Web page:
The researchers used a new form of magnetic resonance imaging (MRI) to show that sitting straight up places an unnecessary strain on your back. The study went on to tell the Radiological Society of North America that the best position in which to sit at your desk is leaning slightly back at about 135 degrees, and not straight up or crouched forward.
After work, two-thirds of people also sit down at home. The research -- carried out at Woodend Hospital in Aberdeen, Scotland -- researched 22 volunteers with healthy backs who were scanned using a positional MRI machine. This specific MRI machine allows patients the freedom to move during the test -- which means measurements can be taken while patients are seated or standing in any position.
Patients assumed three different sitting positions while being carefully monitored. The positions included a forward-slouching position, an upright 90-degree sitting position and a "relaxed" position where they leaned back at 135 degrees while their feet remained on the floor.
Within these three seating positions, the researchers took measurements of spinal angles and spinal disk height and movement across the different positions. Spinal disk movement occurs when weight-bearing strain is placed on the spine, causing the disk to move out of place.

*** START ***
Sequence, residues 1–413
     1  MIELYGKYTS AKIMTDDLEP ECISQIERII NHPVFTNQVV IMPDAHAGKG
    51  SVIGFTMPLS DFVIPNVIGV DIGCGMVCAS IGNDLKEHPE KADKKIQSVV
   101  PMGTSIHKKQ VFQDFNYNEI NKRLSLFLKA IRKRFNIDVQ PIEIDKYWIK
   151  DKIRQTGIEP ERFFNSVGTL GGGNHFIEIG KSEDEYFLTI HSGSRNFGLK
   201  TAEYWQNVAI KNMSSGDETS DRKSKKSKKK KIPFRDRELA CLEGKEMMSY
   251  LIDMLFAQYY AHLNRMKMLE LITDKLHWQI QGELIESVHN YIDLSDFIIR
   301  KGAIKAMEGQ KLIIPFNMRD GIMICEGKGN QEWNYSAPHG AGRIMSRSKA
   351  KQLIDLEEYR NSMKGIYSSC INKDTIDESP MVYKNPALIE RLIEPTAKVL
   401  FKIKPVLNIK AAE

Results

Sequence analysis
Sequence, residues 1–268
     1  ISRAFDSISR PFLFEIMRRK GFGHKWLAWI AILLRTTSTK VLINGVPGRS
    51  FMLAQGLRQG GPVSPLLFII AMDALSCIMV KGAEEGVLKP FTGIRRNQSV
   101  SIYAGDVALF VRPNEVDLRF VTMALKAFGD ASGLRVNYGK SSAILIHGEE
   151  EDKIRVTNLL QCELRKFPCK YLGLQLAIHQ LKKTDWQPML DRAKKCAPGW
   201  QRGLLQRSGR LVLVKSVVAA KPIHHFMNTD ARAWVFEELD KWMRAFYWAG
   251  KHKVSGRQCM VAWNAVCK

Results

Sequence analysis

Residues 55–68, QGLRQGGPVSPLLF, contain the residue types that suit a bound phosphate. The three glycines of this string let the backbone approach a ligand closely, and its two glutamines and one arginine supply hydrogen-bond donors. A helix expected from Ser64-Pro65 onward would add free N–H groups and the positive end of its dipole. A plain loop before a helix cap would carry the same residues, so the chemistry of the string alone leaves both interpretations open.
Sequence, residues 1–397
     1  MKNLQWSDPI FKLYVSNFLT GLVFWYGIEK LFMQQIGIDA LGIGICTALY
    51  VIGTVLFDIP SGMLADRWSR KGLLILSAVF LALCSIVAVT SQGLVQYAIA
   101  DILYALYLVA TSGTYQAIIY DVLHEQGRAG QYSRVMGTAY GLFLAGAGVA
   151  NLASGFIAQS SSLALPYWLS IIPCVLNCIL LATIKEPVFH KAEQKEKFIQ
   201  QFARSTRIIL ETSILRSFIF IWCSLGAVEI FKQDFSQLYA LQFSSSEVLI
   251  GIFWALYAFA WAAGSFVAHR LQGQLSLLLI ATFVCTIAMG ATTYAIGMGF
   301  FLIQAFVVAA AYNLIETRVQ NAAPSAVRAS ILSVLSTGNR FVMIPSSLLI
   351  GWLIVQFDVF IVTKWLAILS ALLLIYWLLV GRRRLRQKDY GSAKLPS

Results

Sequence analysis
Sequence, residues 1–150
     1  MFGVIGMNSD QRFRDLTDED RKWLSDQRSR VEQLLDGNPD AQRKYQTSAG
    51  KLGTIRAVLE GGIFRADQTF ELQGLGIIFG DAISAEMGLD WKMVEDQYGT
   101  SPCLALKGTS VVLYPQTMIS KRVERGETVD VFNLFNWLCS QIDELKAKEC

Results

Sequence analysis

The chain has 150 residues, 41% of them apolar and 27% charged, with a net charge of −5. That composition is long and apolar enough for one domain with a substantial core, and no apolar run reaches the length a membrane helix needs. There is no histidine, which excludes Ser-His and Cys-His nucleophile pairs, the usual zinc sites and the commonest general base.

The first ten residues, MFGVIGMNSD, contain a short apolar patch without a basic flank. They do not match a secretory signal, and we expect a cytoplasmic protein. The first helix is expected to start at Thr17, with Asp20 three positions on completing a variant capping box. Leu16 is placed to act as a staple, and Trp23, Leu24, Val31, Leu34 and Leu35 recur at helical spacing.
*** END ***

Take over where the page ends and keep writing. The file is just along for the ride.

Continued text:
The researchers found that disk movement was found to be most pronounced with a 90-degree upright sitting posture -- and it was least pronounced with the 135-degree posture. These results suggested that less train is placed on the spinal disks and associated muscles and tendons in a more relaxed sitting position.
In addition to the new study's findings, experts said sitting was known to contribute to lower back pain. In fact, data from the British Chiropractic Association says 32 percent of the population spends more than 10 hours a day seated, and half do not leave their desks -- even to have lunch. Experts concluded that the human body is not meant to sit for such prolonged periods of time.